Since United paid no cash for their position in Aloha, one must wonder what Aloha gets in return. Benefits from United's purchasing power is probably less important than the effect upon Hawaii's ongoing fare war. Fares of $19 and $29 have recently disappeared from go!'s website, so we might be seeing some effect of United's influence already. Aloha may have been tipping its hand to show Mesa a possible future for Aloha and the reason why Aloha has too much value to fall prey to an attack from a severe discounter. As with any war, the outcome is often heavily influenced by perceptions of the likely outcome.

1:59 AM  
Blogger J. said...

Could the rumors of Aloha getting UA aircraft to replace it's ancient 737-200 fleet be true? There's apparently movement to hire more crews at Aloha recently. They desperately need to replace their gas-guzzling fleet and UA may be interested in handing down some 737-400s or A319s for that seat on the Aloha board.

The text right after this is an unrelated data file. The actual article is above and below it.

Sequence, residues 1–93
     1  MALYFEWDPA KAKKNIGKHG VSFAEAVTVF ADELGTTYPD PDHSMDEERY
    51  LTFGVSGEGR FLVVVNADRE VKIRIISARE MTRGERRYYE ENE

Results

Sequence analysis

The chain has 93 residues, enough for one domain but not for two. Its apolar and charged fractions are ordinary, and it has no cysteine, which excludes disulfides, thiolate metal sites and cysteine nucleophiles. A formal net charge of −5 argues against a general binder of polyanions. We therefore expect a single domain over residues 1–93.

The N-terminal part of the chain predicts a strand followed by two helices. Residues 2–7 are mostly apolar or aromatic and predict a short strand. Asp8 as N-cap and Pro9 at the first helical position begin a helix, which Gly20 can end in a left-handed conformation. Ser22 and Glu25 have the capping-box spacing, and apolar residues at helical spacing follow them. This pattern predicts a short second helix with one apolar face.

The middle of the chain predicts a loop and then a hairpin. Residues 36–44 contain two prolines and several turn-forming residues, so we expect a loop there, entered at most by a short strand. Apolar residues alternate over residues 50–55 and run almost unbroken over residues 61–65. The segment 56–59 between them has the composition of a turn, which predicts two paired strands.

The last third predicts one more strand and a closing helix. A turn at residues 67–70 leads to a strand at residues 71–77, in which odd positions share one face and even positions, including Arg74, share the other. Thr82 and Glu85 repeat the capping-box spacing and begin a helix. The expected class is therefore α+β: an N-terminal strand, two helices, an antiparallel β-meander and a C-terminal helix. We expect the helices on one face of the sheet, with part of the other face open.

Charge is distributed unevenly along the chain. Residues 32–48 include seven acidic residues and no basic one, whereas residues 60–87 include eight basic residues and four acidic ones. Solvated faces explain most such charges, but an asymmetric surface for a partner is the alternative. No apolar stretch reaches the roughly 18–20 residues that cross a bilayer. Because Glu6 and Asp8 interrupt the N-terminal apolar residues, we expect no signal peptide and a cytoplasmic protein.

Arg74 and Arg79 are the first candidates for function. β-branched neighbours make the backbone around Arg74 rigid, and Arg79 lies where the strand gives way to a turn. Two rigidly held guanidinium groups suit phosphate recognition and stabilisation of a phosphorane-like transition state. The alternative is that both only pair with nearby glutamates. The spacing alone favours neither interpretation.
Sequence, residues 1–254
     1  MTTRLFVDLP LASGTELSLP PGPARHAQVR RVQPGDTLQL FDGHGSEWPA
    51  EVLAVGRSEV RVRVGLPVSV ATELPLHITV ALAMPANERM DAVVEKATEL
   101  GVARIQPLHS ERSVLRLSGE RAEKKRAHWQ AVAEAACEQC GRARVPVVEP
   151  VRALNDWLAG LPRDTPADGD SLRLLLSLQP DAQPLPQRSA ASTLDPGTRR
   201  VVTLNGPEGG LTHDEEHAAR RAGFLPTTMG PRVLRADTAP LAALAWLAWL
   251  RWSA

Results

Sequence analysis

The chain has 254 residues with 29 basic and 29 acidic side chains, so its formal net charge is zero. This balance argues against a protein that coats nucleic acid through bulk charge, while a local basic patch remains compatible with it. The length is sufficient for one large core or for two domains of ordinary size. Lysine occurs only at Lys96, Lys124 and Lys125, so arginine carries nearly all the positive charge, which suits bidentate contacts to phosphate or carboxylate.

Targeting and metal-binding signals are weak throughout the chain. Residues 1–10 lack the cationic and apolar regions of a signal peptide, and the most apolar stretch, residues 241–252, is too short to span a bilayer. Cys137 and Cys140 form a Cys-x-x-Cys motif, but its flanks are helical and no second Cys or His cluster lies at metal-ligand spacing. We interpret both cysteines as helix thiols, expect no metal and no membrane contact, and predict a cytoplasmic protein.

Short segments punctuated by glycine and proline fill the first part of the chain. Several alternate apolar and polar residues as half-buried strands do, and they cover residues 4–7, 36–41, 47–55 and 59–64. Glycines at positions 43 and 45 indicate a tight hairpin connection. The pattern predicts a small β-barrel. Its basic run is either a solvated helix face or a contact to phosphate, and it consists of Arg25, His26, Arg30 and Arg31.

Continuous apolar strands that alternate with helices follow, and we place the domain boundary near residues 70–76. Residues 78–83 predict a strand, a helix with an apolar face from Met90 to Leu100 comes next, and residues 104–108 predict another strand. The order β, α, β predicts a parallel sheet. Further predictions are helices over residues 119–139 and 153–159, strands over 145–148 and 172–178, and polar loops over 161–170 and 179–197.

11:42 PM  
Blogger Peter Forman said...

One of the Honolulu newspapers mentioned that the cooperation between Aloha and United could lead to some former UA 737s coming to Aloha. We'll have to see. When fuel prices head up, Aloha takes a worse hit than its competitors because of high fuel consumption in its current fleet.

Changing to another version of the 737 isn't so easy, however. The benefit of Aloha's 200 series 737s (besides low lease rates) is that the engines are well-suited to the short-distance, high-cycle interisland flying. Many 737s, such as Aloha's long-distance 700 series are not good choices for short flights.

11:38 AM  
Blogger Traveling Guy said...

Agree with Peter. The 737 Classics and Next Generation aircraft are NOT ideal for short island to island hops.

The UA fleet does include the 737-500 but weight issues could come into play.

The 737-400 is not operated by UA (Only US Airways/Alaska) as a major carrier in the USA operate them

The 737-300 could work as well.